Writ of Mandamus Challenging Termination of Teacher Maintainable Against Private Unaided Institution- Supreme Court [Read the order]

Author- Shalu Goyal (ICFAI Law School, ICFAI University, Dehradun)

The Apex Court has held that a writ petition challenging the dismissal of services of a teacher is maintainable against a private unaided educational institution. This appeal was made by Marwari Balika Vidyalaya, a private school, against the judgment of Calcutta High Court. In its judgment, the High Court had directed reinstatement of a dismissed teacher namely Asha Srivastava with back wages. HC while deciding so, invoked writ jurisdiction under article 226 of Constitution of India.

The fact of the case are that respondent, namely Asha Srivastava, applied for the post of Assistant teacher in the year 1985 in appellant school i.e. Marwari Balika Vidhyalaya. After the due process, she was appointed in the appellant school on probation on 01.04 1995. The school authority referred all requisite papers to Director Inspector of School who referred those papers to Director of the School Education, West Bengal for his opinion. Director of School Education in turn requested the Director Inspector of the School to submit a declaration from Asha Srivastava stating that she would not claim arrear of salary which was unwillingly submitted by her.

Thereafter, due to delay in grant of approval, Asha Srivastava filed a writ petition No 3232/2000 seeking writ of Mandamus to accord her appointment. The High Court vide its order dated 18.12.2000 while disposing off its writ petition directed the Director of School Education to consider the matter of appointment of Asha Srivastava within a period of six weeks.

Pursuant to the communication of said order to school authority, a show cause notice was issued to Asha Srivastava by Secretary of management committee of school asking as to why she moved the said writ petition impeding Director Inspector of School as party which as alleged to have caused the breach of discipline of the School. Along with that a letter of suspension was issued suspending her for 12 days.

Asha Srivastava denied all charges in her reply. She resumed her office after the said suspension period was over. After that she was allowed to sign the register but was restrained from taking class. Thereafter she applied for leave and subsequently on assumed her office after completion of said period. she was issued a letter by the secretary of management committee asking to not attend her duty from  15.02.2001, but she continued to attend. On 19.02.2011 she was forcibly ousted from school with help of police and was asked to attend the meeting wherein she was threatened to face termination of her services. On 20.02.2001, A letter along with two cheques were served to her.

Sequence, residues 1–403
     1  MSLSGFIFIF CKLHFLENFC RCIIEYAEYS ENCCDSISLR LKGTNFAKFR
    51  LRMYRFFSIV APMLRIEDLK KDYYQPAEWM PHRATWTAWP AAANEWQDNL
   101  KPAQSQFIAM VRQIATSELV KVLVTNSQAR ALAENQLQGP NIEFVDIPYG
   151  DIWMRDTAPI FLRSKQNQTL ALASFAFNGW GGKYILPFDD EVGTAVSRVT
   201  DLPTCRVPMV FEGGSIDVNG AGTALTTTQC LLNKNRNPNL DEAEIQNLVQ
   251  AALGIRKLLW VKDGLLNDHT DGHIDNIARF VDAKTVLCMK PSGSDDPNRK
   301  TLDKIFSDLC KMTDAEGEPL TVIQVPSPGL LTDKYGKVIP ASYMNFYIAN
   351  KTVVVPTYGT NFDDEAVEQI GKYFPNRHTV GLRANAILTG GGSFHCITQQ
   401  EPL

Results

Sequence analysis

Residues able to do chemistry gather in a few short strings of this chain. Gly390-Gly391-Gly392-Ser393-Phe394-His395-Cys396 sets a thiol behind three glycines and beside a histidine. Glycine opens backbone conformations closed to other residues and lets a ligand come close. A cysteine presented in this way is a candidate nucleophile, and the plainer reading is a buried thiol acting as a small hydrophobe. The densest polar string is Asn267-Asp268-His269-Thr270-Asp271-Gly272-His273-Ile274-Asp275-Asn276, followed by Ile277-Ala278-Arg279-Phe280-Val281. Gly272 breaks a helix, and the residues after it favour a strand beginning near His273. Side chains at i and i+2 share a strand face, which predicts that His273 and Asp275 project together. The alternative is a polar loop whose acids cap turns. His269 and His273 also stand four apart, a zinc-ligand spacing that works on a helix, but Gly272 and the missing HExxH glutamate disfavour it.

After the order of dismissal, a writ was filed in High Court which was dismissed by the single Judge bench stating that the concerned school was not recognized by the state Government, the writ petition was not maintainable. Asha Shrivastava was, however, allowed to institute a suit taking appropriate relief.

The said order of single judge bench was challenged before the Division Bench of High Court. The Division Bench in its order dated 30.01.2009 allowed the appeal and set aside the termination order. The Division Bench allowed Asha Srivastava to join school within two weeks with full entitlement of salary, allowances and service benefits as per law.

The order of Divison bench was challenged in Hon’ble Supreme Court before the bench of Justice Arun Mishra and Justice Navin Sinha.

Mr Saniv Sen, Learned senior counsel appeared on behalf of appellant argued that writ petition is not maintainable against the private unaided school and submitted the Following cases-

Committee of Management, Delhi Public School & Anr. v. Menka Gandhi & Ors (2015) 17 SCC 353

In this case SC had dismissed a case seeking reinstatement as non maintainable. SC distinguished this decision by holding that question of prior approval by government authorities for dismissing a teacher as not involved in that case.

Satimbhala Sharma &Ors. v. St. Paul’s Senior Secondary School & Ors.

This was a case demanding equal pay for private school teachers and government school teachers. In this case it was held that equality under Article cannot be raised against a private entity.

Sushmita Basu v. Ballgungu Siksha Samity

This was a case seeking equal payment of dearness allowance to private school teachers as given to government school teachers. The SC had rejected the claim stating that writ against a private body cannot be claimed if there is no public law element involved.

He also argued that no violation of natural justice was made and pointed out that prayer for wages was not made in writ petition. He  also argued that High Court Bench should have considered legality of termination order.

Mr. Arun Sinha appeared on behalf of appellant and argued. He referred the following cases-

Raj Kumar v. Director of Education and others

In this case it was held that the approval of government education authorities even for a dismissal of a private school employee. The Court noted that no such approval was taken for dismissal in the instant case.

Ramesh Ahluwalia v. State of Punjab

This case held that the employee of a private school can file a writ in service disputes matters.  It was observed that the school was discharging the public function and writ was maintainable against it.

The SC upheld the decision of High Court stating that “ In view of aforesaid decision we have no hesitation to hold that the Writ Application is maintainable as rightly held by the Division Bench of High Court”. It also added that the manner in which termination has been made was clearly arbitrary and the order was illegal and directed to pay back the wages was reasonable.

To Read the Order: Click Here!

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